Finally, I know it's not quite on the same subject, but is there anything similar to DBMS_UTILITY.GET_HASH_VALUE that guarantees a unique return value?

Many thanks,
Tom Kyte
March 01, 2010 - 6:55 am UTC

it just isn't going to be that much in real life - depending on the string. It isn't worth the effort to compress a varchar2 - it is way too small in general (using zip like, binary like compression). You'll spend more time compressing and decompressing than would offset any benefit.


ops$tkyte%ORA11GR2> create table t ( x clob );

Table created.

ops$tkyte%ORA11GR2> select dbms_metadata.get_ddl( 'TABLE', 'T' ) from dual;


   (    "X" CLOB

In general, hashing cannot return a unique value - you are mapping an infinite set of strings into a finite set, there are more possible strings than hashes - unless you make the namespace of hashes at least as big as the namespace of the strings - but then you would have hashes as big as strings :)

There are things known as "perfect hashes", but they are very very data dependent and not going to be of benefit here.

Compressing OUT OF LINE BLOBs

Daniel, March 14, 2010 - 9:13 am UTC

So if I understand correctly ... if you're storing BLOBs OUT OF LINE as SecureFiles and using Advanced Compression on those out of line BLOBs, there is no benefit at all and probably the BLOBs will be larger!?!?

Is that correct?
Tom Kyte
March 15, 2010 - 11:05 am UTC

where did I say that???????? really - where did you get that impression from?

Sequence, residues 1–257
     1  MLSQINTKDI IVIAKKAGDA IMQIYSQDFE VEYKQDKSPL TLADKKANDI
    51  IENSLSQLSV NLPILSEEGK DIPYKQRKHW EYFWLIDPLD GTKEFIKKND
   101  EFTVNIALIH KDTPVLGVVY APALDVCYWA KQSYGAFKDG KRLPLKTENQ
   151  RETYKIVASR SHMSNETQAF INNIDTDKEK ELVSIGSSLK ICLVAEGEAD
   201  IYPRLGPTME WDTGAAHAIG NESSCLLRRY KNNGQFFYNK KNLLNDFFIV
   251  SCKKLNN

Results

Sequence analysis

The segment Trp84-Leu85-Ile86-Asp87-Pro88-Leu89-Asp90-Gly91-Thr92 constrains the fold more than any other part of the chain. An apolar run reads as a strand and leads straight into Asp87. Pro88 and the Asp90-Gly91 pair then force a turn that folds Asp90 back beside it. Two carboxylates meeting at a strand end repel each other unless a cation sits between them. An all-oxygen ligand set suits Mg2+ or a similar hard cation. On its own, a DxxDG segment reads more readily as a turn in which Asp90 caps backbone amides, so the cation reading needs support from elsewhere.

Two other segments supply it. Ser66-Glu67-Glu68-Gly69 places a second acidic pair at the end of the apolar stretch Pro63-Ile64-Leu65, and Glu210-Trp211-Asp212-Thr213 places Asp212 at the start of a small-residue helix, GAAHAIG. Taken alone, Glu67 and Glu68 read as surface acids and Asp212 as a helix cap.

We were discussing recently REALLY TINY, TEENY TINY, SMALL INLINE STORED lobs - specifically NOT discussing big ones.

I said "small things will not compress very much, if at all and may in many cases become larger"

We were talking small and only small - where did you see anything to indicate that large blobs won't compress well - because that is not true in general. A JPG - won't compress well, it is already compressed. A word document - compresses very well.

Probably read this wrong

A reader, March 24, 2010 - 5:34 am UTC

Followup February 15, 2010 - 3pm Central time zone:
... I am planning to store VARCHAR(4000) columns compressed into BLOBs. ...

but that would make them larger????

you can use securefiles, which are a supertype of lobs, they can be compressed. But, since lobs are stored in chunks when out of line (at least ONE BLOCK) and have a lob index - you would find they are going to be LARGER.